Will Writing

Eddie is 72 and has been a client since 1994. We have advised Eddie and his wife Jane about how to arrange their wills in a tax efficient manner where we arranged to include a discretionary Trust to use their Nil Rate Band ( NRB ) when they die. Each one of them is a potential beneficiary of the others NRB discretionary trust.

We were aware of Jane’s circumstances. Her first husband had died in February 1995, leaving all his assets to Jane. We were not her adviser at the time – and she was not alerted to advice with regard using a Deed of Variation within two years of David’s death, so his NRB was not used on his death. Jane remarried five years ago.

We contacted them some time ago due to the introduction of the transferable NRB in the 2008 Finance Act. We wanted to alert them of the fact that it might now be possible to resurrect David’s NRB, which went unused when he died. This could show a considerable inheritance tax saving when they eventually die.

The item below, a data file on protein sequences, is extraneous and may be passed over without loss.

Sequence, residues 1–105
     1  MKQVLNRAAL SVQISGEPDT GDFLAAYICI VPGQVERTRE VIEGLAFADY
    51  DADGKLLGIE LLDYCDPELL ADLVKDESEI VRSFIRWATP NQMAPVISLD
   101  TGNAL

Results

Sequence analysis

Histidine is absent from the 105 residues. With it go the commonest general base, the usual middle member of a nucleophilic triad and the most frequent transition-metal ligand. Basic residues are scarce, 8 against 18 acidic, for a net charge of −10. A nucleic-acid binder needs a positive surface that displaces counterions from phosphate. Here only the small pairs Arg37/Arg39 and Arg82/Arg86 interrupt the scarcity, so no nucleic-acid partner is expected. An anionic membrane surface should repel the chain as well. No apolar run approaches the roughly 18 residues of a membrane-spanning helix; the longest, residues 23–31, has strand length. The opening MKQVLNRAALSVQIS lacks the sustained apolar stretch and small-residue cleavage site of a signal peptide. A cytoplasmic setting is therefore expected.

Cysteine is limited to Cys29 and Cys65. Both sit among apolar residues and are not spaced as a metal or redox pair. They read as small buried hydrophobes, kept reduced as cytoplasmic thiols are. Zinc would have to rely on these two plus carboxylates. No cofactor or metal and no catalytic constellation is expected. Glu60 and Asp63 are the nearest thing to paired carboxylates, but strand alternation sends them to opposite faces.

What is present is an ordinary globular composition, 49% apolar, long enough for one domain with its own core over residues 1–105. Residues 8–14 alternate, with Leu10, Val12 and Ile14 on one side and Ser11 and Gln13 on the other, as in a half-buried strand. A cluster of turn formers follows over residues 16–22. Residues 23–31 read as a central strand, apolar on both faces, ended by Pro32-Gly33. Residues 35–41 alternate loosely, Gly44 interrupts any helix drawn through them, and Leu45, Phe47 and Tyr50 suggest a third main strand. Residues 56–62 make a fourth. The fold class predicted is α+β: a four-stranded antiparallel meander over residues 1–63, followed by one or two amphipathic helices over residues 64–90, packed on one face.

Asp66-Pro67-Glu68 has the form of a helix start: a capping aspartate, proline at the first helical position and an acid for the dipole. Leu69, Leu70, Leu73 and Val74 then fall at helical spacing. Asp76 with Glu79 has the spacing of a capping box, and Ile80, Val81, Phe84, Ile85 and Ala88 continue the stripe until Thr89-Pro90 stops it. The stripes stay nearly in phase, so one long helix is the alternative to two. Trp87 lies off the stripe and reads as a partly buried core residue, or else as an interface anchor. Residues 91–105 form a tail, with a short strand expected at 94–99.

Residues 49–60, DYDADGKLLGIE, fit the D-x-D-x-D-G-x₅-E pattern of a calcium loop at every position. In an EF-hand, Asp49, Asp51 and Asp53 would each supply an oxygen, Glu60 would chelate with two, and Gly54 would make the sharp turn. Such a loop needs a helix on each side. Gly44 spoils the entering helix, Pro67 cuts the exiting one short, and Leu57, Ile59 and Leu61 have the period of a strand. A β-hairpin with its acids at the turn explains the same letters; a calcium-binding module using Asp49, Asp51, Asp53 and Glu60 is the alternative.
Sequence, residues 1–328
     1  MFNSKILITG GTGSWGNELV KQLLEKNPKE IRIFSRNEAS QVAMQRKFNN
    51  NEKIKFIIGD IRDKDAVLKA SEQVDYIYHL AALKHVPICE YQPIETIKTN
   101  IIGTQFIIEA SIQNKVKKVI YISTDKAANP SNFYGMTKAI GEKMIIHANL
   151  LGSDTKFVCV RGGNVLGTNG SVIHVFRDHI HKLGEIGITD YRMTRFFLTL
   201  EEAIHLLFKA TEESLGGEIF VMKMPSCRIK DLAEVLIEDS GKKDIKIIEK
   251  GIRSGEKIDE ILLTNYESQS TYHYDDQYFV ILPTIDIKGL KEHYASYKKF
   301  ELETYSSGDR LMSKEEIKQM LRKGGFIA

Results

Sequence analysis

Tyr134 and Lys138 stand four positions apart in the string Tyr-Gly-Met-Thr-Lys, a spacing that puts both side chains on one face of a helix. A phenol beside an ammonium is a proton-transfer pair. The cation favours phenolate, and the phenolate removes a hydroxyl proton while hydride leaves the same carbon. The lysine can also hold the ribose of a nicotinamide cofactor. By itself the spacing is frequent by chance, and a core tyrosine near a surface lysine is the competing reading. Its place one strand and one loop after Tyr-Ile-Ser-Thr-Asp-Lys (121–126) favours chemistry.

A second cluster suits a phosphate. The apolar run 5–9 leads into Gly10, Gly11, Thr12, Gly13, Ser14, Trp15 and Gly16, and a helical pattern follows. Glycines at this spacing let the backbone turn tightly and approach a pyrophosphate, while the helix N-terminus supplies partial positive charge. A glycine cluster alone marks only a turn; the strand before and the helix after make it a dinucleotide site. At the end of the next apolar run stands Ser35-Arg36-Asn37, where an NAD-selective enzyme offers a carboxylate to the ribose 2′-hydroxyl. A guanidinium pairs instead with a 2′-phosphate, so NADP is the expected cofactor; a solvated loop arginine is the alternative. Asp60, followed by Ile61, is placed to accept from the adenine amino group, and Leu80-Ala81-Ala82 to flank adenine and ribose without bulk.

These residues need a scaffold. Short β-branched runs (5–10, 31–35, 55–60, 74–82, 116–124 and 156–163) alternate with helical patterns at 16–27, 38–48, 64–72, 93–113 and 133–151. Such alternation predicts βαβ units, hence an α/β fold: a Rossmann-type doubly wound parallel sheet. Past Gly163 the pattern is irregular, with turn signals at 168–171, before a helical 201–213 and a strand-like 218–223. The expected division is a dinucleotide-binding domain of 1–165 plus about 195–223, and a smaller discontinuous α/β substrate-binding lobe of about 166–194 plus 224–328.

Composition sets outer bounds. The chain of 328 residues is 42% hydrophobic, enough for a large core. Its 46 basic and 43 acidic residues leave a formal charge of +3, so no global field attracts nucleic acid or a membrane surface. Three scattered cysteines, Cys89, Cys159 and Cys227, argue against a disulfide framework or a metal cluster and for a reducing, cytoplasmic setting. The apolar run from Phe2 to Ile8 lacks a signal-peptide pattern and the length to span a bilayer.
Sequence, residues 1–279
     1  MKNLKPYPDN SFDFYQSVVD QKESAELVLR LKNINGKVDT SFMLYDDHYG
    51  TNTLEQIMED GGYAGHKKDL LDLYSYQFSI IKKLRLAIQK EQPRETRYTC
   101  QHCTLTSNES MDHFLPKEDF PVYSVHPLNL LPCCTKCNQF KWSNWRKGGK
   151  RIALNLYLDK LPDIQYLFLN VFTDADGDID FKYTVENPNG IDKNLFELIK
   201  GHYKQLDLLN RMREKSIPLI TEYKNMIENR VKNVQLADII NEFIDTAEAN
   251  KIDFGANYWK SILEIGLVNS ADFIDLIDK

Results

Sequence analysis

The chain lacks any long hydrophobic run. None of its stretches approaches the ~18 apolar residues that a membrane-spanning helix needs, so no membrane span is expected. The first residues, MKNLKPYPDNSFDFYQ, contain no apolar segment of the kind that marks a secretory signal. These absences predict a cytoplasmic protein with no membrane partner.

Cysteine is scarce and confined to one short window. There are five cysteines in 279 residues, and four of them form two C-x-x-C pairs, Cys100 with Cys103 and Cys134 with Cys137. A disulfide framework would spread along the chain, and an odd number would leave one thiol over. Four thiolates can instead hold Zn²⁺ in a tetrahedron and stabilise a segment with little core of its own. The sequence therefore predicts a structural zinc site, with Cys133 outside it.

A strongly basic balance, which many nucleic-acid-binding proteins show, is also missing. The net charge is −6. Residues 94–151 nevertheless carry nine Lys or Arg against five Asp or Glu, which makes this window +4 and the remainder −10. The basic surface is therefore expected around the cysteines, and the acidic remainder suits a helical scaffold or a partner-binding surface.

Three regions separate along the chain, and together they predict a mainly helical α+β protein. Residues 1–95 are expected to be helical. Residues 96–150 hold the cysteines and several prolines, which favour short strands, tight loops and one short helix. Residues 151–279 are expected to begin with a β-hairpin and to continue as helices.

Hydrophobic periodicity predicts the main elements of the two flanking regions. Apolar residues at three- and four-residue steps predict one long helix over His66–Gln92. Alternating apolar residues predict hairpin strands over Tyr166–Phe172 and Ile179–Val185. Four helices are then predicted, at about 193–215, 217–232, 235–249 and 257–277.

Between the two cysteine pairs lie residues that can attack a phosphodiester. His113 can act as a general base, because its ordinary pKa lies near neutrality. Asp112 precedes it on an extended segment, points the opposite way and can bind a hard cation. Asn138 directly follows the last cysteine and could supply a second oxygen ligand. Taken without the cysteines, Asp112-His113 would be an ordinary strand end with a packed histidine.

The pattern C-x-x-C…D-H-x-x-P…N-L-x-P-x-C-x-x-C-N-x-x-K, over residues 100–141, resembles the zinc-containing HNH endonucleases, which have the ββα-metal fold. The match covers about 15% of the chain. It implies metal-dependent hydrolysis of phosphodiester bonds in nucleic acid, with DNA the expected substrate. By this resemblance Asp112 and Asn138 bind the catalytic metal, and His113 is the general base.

This means whoever dies first, Eddie or Jane leave their wills as they are, the second of them to die (or to be accurate their personal representatives ) may effectively claim 100% extra NRB current at the date of the second death on account of David not using any of his NRB when he died. It is important to ensure the right documentation is available and the documents that existed at the date of David’s death are fully examined – and the options fully explained. It is not an easy concept to explain…

Jane could revoke her will and revise a new will to include a discretionary trust at twice the NRB current at  date of her death. Eddie’s would be left as it is so his NRB will be used on his death whether this occurs before or after Jane’s.

Eddie and Jane decided not to take up our suggestion but to rely on their personal representatives to claim David’s NRB if Jane’s personal representatives have not already made use of it on prior to Jane’s death.